Forest Service Cancels Controversial Old-Growth Tongass Timber Sale
In October 2015, on behalf of five environmental organizations, Crag won a case against the U.S. Forest Service’s authorization of a timber sale on Mitkof Island in Tongass National Forest, which would have destroyed the habitat of the native Alexander Archipelago Wolves.
Crag brought suit against the Forest Service in May to stop the 35-million-board-foot Mitkof Island Project timber sale. Mitkof Island is located in the center of the Tongass National Forest, near the communities of Petersburg and Kupreanof, and is home to wolves, many species of bear, deer, and other animals.
In March 2015, the USFS initially authorized the clear-cutting and sale of the old-growth forest after a hasty environmental review. The faulty environmental review conducted by the USFS stated the Mitkof Island timber sale had “no significant impact” on the environment. Crag represented Greater Southeast Alaska Conservation Community, Cascadia Wildlands, the Center for Biological Diversity, Greenpeace, and the Alaska Wildlife Alliance to successfully challenge the USFS’s quick decision to overlook the destructive ecological impacts of this project.
“The Forest Service must take a hard look at the environmental consequences of its actions, especially with respect to species like the deer and the goshawk that depend on old-growth forests. In a rush to approve yet another major old-growth timber sale, the Tongass National Forest brushed aside these environmental concerns and fast-tracked the project.”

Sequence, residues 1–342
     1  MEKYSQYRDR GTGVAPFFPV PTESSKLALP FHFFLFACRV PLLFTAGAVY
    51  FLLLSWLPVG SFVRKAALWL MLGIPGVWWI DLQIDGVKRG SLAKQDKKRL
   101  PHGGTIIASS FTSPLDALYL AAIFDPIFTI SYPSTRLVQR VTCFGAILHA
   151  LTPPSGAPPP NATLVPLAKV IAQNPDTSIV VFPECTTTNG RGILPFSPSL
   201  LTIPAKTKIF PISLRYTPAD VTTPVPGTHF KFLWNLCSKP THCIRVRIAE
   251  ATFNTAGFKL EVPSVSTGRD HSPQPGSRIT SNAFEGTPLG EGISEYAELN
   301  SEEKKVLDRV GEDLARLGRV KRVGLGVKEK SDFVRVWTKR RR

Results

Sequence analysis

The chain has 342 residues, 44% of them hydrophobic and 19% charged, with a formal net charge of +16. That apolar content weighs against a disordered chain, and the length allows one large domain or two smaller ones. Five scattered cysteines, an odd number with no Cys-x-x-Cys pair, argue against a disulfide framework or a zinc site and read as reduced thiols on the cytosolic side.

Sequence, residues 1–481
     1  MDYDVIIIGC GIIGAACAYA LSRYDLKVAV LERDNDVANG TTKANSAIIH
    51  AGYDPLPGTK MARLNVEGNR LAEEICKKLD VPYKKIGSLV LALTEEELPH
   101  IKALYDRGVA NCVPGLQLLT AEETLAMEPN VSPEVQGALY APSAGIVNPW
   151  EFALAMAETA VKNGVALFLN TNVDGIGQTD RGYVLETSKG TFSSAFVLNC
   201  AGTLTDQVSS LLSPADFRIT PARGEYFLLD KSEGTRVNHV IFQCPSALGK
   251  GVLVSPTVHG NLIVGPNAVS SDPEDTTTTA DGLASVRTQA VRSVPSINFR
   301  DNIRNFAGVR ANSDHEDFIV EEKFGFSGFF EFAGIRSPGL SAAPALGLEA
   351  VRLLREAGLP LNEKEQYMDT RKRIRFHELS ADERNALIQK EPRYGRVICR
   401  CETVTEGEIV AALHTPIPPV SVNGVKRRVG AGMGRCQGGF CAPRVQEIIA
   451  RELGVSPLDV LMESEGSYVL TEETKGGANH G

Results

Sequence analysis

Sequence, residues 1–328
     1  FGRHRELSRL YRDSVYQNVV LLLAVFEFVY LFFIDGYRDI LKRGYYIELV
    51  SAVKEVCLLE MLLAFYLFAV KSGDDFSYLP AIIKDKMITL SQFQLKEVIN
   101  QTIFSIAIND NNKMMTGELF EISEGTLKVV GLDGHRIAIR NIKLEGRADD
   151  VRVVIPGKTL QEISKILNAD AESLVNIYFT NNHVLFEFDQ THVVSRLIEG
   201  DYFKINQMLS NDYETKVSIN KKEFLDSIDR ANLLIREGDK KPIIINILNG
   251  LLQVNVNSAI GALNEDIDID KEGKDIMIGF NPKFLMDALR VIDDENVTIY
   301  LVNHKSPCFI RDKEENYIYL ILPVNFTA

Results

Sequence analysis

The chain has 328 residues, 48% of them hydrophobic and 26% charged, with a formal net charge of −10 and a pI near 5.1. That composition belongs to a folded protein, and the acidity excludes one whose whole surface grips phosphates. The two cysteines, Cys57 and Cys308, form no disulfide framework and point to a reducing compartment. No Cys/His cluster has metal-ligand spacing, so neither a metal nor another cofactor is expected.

– Crag Staff Attorney, Oliver Stiefel
In October 2015, after only months of litigation, Crag’s clients were successful in cancelling the project altogether. The formal withdrawal notice provided a lot of hope to clients and supporters that destructive old-growth timber sales like the Mitkof project will soon be a thing of the past. This was also a victory for the locals who relied upon the island for a variety of uses, including hunting, fishing, recreation, and wildlife viewing. Throughout the past decade, Crag has dedicated our legal services to many clients fighting for the Tongass and will continue to protect this vital ecological resource.
“While planning for this sale, the Forest Service tried to downplay and hide from the public the full scope of the damage this logging would cause. The agency initially told the public this was a ‘small sale’ but the project ballooned into a major timber sale. Old-growth logging needs to end now.”
-Randi Spivak, the Center for Biological Diversity
Crag represented Greater Southeast Alaska Conservation Community, Cascadia Wildlands, the Center for Biological Diversity, Greenpeace, and the Alaska Wildlife Alliance in this case on Mitkof Island in Southeast Alaska.
Greater Southeast Alaska Conservation Community’s mission is to protect the biological integrity of Southeast Alaska forests, freshwater, and ocean systems.
Cascadia Wildlands is a nonprofit conservation organization with a mission to defend and restore Cascadia’s wild ecosystems in the forests, in the courts, and in the streets.
The Center for Biological Diversity is a nonprofit membership organization known for its work protecting endangered species through legal action, scientific petitions, creative media and grassroots activism.
Greenpeace uses non-violent creative action to pave the way towards a greener, more peaceful world, and to confront the systems that threaten our environment.
Alaska Wildlife Alliance protects Alaska’s wildlife through citizen mobilization, advocacy, and education.